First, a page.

I find it quite bizarre in this age of increasing importance on customer service and care, that my own bank should fall so far from the acceptable limits of reasonable behaviour. It’s only a few weeks ago now that someone phoned from a TSB branch to offer me a loan, even though I’m supposedly in the system as someone who has vehemently demanded (requested) to stay with Lloyds. I was told this would all be cleared up by the end of August - which is nigh approaching, yet no final clarification has been received, no one phoned me to see if I was in anyway OK about any of this, they only phone to fleece me with unnecessary loans and other financial services that I have not registered an interest in / for. The only request I have made recently is to stay with my original bank of choice. My mind actually boggles somewhat in regards to how I feel about brand loyalty and affiliation right now - It’s definitely a case of ’better the devil you know’ in this instance. All the small banks are currently struggling, and anyone who thinks to switch willingly to TSB will probably be changing their bank account again within a year or two when that has folded!
I was a long-term loyal Vodaphone customer - moving through pretty much the entire high-level Nokia and Sony Ericsson mobile ranges. When Smart Phones were first introduced, I did my usual due diligence to decide which device and service would be best for me, in terms of lifestyle choices, my number one love as such is music - which is why, and after some deliberation, it became clear that iPhone + iTunes would be the perfect match for my needs. Vodafone was on the brink of supporting iPhones too, after O2 had enjoyed a significant time of monopoly. I was ripe for changing to a smart phone, and then Vodafone delayed their introduction of the iPhone, so that they could flog their own inferior rip-off - the ’Smart 1’ I believe it was called.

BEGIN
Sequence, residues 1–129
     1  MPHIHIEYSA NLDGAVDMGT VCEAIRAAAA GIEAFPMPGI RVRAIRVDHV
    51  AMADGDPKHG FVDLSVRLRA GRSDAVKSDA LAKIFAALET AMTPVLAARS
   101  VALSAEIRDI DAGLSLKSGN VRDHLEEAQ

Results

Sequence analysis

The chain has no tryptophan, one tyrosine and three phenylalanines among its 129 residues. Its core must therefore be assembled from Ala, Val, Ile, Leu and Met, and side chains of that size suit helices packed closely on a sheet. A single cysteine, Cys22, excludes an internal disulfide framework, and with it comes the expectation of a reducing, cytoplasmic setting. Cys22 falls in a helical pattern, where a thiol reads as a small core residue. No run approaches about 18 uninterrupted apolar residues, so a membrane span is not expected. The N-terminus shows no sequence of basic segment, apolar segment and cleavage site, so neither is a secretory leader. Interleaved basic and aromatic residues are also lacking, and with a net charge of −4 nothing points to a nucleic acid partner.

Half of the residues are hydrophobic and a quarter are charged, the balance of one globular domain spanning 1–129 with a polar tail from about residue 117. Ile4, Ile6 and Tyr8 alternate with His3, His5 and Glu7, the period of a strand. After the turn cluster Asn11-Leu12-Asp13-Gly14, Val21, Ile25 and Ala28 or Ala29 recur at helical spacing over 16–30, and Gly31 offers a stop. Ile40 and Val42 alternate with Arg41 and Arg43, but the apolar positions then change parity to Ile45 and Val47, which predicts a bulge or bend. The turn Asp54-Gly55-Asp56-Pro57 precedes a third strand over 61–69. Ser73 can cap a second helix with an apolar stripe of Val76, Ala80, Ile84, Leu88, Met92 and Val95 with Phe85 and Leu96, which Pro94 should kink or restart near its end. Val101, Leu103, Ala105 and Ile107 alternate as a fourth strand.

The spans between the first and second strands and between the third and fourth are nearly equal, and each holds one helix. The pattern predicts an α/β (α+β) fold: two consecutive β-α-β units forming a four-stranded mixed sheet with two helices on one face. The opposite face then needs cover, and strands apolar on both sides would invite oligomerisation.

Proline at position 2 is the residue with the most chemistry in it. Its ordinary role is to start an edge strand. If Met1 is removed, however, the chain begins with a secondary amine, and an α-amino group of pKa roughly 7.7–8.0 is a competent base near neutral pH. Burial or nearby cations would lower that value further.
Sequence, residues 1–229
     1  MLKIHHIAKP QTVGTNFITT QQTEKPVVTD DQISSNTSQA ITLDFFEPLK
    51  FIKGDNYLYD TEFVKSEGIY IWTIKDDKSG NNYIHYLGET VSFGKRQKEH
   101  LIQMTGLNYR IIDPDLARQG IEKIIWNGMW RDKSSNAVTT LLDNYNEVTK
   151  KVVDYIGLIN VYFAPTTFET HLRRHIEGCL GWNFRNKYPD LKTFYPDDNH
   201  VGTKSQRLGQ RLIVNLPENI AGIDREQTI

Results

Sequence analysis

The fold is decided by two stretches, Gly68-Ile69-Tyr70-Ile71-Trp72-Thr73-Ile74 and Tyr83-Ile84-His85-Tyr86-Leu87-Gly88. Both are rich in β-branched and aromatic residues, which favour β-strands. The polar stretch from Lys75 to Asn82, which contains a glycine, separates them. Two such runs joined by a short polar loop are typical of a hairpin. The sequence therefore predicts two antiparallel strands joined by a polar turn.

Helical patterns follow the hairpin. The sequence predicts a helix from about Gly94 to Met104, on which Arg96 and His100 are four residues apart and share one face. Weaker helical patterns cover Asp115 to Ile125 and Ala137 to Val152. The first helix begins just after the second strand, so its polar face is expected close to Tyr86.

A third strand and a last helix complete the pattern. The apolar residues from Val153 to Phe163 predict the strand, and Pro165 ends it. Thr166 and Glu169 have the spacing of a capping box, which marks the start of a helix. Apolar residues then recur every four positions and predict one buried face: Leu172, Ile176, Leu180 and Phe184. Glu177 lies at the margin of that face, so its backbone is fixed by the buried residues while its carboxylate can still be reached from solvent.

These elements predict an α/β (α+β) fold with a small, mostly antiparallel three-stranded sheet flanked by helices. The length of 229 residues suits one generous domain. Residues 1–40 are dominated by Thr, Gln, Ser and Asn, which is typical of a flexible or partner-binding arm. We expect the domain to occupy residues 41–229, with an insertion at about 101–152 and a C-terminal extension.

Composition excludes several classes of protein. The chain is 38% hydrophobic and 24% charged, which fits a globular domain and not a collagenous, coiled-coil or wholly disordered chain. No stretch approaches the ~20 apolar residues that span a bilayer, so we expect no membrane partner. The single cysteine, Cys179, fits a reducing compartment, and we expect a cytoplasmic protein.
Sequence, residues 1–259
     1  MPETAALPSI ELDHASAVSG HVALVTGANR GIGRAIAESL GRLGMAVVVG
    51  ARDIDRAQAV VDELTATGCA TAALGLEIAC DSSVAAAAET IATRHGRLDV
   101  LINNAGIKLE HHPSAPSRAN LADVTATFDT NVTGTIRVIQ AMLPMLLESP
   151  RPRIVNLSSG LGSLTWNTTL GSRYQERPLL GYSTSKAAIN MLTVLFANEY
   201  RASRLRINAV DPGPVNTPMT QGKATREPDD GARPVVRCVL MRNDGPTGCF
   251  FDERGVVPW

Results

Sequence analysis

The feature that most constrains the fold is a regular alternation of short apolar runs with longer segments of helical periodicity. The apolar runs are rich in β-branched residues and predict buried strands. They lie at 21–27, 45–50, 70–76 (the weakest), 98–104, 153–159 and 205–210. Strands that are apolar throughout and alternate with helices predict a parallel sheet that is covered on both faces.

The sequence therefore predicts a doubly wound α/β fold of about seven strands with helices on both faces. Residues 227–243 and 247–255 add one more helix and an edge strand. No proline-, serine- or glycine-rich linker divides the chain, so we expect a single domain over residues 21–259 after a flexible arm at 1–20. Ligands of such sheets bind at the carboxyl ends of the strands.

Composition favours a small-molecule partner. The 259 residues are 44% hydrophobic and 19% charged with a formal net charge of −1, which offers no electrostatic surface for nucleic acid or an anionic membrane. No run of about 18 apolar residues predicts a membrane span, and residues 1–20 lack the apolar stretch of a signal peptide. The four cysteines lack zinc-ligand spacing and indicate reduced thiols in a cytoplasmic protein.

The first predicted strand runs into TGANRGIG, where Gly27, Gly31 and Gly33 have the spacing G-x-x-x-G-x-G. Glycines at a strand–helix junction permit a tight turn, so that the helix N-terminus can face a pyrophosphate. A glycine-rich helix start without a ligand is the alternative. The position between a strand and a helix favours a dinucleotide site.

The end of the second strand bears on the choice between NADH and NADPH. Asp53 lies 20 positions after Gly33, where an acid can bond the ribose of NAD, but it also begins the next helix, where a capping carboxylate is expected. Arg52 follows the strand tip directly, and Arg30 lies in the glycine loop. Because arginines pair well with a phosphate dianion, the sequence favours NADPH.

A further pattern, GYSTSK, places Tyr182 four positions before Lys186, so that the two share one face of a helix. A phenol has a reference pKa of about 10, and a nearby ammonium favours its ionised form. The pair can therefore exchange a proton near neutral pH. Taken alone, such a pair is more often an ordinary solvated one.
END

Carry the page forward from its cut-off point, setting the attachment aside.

Having waited a number of months for Vodafone to get in the iPhones I was totally infuriated by this crass delaying tactic - which was really just an excuse for Vodafone to fleece unwitting customers with an inferior device - the iPhone introduction was delayed for at least 3 months, possibly 6 they said!
I of course marched straight over to O2 to switch over to their service. O2 you see is a perfect fit for a music fan like me. Orange was about Movies (2 for 1 Wednesdays) and Vodafone at that time was Formula 1 and Rugby. O2 has the most significant global music venue in the form of the O2 (Dome) and several smaller venues. And whereas Vodafone are still pretty much all over the place, O2 and Orange (now EE) have pretty much stuck to their guns and retained their same values. Even though Vodafone has better coverage, I know that O2 offers a better service for me.
British Gas is aptly named here as the only major British energy company - Centrica. EDF (Électricité de France) is French, and both Eon and Npower are German, the latter belongs to the RWE Group as does Thames Water, my water supplier. It’s somewhat bizarre that the majority of British Utilities companies are in foreign ownership.